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Region begins return to normalcy

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Bryon Hickman faces into the wind while watching the Pasquotank River, at Mariners' Wharf, Friday afternoon.

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From staff reports

Sunday, September 16, 2018

With most of the region now safely out of Tropical Storm Florence’s path, area counties this weekend lifted their states of emergency, closed shelters and in the case of Currituck, began allowing Outer Banks residents back into their homes. 

In addition, Elizabeth City State University reopened student dorms today that had been closed since Wednesday. 

Perquimans County lifted its state of emergency at 3 p.m. Friday, ending its nightly curfew and bans on the sale of alcohol, firearms and ammunition. County officials cited Florence’s movement toward the west and southwest for the move.

Elizabeth City officials lifted the city’s state of emergency at 8 a.m. on Saturday.

Chowan County, however, plans to keep its state of emergency in place until Monday.

The American Red Cross shelter at the K.E. White Center, which had opened Wednesday evening ahead of the storm’s arrival, closed at 2 p.m. Friday. Likewise, the emergency shelter at Perquimans County High School closed on Friday, as did two shelters in Chowan County.

Elsewhere, Currituck officials announced Friday that residents and property owners in Corolla and Carova, who had been ordered by the county to evacuate on Tuesday, would be allowed access back into the Outer Banks communities starting on Saturday. To gain re-entry, residents and property owners were required to have a re-entry pass or provide a driver’s license, tax bill, or utility bill with a county address.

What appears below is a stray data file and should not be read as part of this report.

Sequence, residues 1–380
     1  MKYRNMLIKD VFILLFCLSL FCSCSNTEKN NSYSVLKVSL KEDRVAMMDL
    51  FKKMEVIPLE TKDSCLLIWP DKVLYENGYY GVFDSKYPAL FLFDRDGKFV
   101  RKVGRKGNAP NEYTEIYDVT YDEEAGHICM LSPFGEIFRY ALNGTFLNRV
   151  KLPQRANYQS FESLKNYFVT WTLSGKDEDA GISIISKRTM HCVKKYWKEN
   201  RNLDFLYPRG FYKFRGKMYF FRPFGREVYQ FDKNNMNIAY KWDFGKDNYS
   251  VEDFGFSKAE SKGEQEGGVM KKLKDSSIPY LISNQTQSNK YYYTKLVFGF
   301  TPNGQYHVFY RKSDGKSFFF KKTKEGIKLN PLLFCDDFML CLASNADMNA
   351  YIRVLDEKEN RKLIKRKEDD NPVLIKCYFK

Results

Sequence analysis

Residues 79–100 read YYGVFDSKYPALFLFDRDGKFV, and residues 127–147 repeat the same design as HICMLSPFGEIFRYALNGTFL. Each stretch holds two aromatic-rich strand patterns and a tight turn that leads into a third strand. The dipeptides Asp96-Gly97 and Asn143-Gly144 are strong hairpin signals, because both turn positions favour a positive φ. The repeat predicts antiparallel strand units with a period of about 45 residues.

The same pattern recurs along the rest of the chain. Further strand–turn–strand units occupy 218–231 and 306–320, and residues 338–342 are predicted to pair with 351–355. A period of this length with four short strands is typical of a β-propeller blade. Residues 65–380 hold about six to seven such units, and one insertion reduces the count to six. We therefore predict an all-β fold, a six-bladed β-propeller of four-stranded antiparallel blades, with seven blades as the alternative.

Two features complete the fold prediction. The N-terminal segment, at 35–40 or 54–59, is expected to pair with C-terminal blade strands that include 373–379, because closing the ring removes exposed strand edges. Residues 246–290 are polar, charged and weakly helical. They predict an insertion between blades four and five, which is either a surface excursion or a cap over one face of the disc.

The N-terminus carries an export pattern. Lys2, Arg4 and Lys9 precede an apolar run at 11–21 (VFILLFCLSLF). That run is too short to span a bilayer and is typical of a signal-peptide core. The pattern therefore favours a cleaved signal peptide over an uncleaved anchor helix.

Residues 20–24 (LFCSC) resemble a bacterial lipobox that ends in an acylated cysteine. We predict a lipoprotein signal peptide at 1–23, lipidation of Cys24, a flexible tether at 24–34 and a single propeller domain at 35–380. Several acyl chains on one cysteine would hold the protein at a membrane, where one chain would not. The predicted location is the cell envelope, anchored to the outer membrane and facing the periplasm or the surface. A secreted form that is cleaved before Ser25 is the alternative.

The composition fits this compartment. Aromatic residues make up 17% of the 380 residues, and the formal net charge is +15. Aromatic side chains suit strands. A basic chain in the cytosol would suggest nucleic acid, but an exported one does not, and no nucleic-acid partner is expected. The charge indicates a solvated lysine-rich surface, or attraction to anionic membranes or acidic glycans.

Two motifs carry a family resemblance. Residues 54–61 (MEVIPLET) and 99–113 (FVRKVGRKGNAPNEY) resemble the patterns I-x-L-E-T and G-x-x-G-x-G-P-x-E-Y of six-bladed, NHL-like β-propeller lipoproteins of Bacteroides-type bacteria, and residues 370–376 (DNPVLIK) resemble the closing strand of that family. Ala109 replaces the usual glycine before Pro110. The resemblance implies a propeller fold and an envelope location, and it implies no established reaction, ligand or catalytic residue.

Currituck officials were anticipating vacationers and visitors would be allowed re-entry to the Outer Banks starting today. 

Currituck’s state of emergency remained in effect. However, county officials lifted the ban on the sale of alcohol at noon on Friday.

Currituck also reopened its recycling centers, with the exception of one in Carova, on Saturday. Chowan also reopened its recycling sites. 

A total of 56 people, many who live in low-lying areas, hunkered down at the Red Cross shelter at the K.E. White Center in Elizabeth City, according to Carolyn Self, a volunteer for the agency.

More than 130 people — 83 at Chowan Middle School, 49 at John A. Holmes High School — sought shelter from the storm in Chowan County. About 18 took shelter at Perquimans High School, according to the county manager.

No incidents were reported at the shelters, which were supported by the Salvation Army, county departments of social services, Albemarle Regional Health Services, and local law enforcement agencies.

Just south of the region, other communities were still grappling with Florence’s impacts on Saturday.

Flooding was reported in multiple areas of Tyrrell County. As of Saturday morning, U.S. Highway 264 from the Beaufort County line to Rosebay was still impassable. U.S. 264 to Dare County was also covered by floodwaters and there were reports of flooding near N.C. Highway 94. 

In Hyde County, a mandatory evacuation order was still in effect. Sales of alcohol were still prohibited and a countywide curfew from 9 p.m. to 5 a.m. was still in effect.

At ECSU, officials said Saturday students could return to their dorms starting today at noon and that the campus cafeteria would reopen to serve meals this evening. 

Classes won’t resume, however, until 8 a.m. on Tuesday. ECSU advised campus staff to report on Monday at 8 a.m. Faculty were likewise encouraged to return on Monday to prepare for Tuesday’s classes.  

ECSU is urging students unable to return to campus before the start of classes to contact the Division of Academic Affairs. ECSU canceled classes starting Tuesday at noon and closed student dorms on Wednesday ahead of Florence’s expected arrival in North Carolina.

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